Unmasking the Baghdad boys of Kisumu
Date Posted : Monday, 03 Sep 2012
By Isaac Sagala, Internews in Kenya.
Purity Akoth’s petite frame belies her courage, she would easily pass for a front cover magazine model. She easily mingles with the crowd as she traverses Kisumu town and surrounding areas, looking for stories. Recently she made worked on a story about unmasking the Baghdad Boys mystery.
In October 2010, the Government of Kenya gazzetted 33 illegal organized gangs. Baghdad Boys, with historical derivation from Kisumu Town, was among the listed groups.
The group was feared, and has been associated with acts of election violence in Kisumu, especially around the Kondele area.
The name ‘ Baghdad’ was first coined in the 90’s when the group was formed, as it coincided with the Gulf War; when the United States and Allied Forces staged a raid against Sadam Hussein in Baghdad, the Iraqi capital.
The Baghdad boys, a formerly dreaded youth gang has been described as political hirelings or goons, who usually come in handy during elections. They have been associated with violent acts that in the past led to death and injury, especially during the countdown and peak of multi party politics in Kenya.
Now, they have apparently regrouped as the Baghdad Boys for Peace. Kisumu residents, however are doubtful of this transformation, calling it a mere camouflage. Factual media reporting has been wanting in the past.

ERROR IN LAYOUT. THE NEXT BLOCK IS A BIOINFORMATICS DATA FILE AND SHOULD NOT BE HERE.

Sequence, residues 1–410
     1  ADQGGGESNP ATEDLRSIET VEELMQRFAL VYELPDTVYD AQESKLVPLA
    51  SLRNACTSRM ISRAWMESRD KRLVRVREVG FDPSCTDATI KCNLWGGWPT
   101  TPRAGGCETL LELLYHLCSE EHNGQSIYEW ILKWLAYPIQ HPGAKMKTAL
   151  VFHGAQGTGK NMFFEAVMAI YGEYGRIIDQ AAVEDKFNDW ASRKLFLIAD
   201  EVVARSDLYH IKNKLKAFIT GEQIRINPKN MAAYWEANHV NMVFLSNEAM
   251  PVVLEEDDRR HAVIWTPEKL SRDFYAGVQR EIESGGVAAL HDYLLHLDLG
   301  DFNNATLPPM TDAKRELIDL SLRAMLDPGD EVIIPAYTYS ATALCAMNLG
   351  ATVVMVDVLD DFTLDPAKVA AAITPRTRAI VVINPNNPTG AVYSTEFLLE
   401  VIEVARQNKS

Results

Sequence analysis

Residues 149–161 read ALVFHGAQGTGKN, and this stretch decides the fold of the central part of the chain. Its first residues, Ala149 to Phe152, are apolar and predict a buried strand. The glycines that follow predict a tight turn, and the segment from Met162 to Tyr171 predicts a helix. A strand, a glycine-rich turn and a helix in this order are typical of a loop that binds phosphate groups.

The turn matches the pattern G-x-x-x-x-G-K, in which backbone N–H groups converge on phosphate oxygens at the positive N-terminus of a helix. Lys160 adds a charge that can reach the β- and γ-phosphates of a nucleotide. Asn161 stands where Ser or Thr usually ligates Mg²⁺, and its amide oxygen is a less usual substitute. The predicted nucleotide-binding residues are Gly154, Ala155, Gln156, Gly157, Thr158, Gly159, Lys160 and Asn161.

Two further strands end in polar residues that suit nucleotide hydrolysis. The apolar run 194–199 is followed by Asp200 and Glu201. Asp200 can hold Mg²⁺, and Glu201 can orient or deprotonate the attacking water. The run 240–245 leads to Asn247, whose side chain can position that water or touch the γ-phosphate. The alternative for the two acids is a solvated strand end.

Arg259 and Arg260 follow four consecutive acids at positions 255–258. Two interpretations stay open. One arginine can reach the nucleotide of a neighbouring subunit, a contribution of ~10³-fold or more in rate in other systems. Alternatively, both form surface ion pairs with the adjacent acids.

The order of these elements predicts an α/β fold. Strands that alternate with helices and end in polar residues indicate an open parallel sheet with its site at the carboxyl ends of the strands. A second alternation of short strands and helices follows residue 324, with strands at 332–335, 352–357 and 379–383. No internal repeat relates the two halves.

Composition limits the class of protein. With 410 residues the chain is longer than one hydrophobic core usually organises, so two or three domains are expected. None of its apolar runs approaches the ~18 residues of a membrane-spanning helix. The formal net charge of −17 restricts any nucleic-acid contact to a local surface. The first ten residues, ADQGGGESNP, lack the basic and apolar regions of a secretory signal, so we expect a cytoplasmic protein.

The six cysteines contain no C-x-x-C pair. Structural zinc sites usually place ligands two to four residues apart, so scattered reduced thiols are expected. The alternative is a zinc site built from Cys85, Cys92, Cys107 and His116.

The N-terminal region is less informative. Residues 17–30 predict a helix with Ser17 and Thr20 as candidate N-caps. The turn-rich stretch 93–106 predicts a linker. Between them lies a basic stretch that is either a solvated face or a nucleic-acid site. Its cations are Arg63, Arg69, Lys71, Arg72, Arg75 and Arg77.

‘ Though the Baghdad boys have been associated with a lot of things, it would sometimes appear that the media has an agenda in the way they report, let us seek the facts. I don’t know sometimes it is political …but you need to know that the media has a role to play in providing correct information.’ Chris Owala of the Community Initiative Action Group in Kisumu tells Purity.
Purity manuevres her way along the Kakamega- Kisumu highway to a wooden shack where remnants of the outfit sometimes meet to collect money from vehicles on the route.
They are the ‘route managers ‘which is illegal, but they argue that they cater for the welfare of public service vehicles. When asked to elaborate, they are hesitant. She then mingles with the young men who are initially ill at ease, but gain composure.
‘We really are interested in peace now and opportunities for a better life. ‘We are done with the violence.’ Says a member, on condition of anonymity.
It takes courage especially for a female journalist to do what can be a considered a ‘risky’ story, dealing with a feared, outlawed group. But purity is emphatic.
‘Courage comes from within, if we are talking about peaceful co-existence in Kisumu during elections, we must talk about the Baghdad boys. That is why I chose the story.’
Purity was mentored by Internews trainers to produce the story after a Conflict Sensitive Journalism (CSJ) Workshop. She reports for Radio Lake Victoria, Osienala in Kisumu
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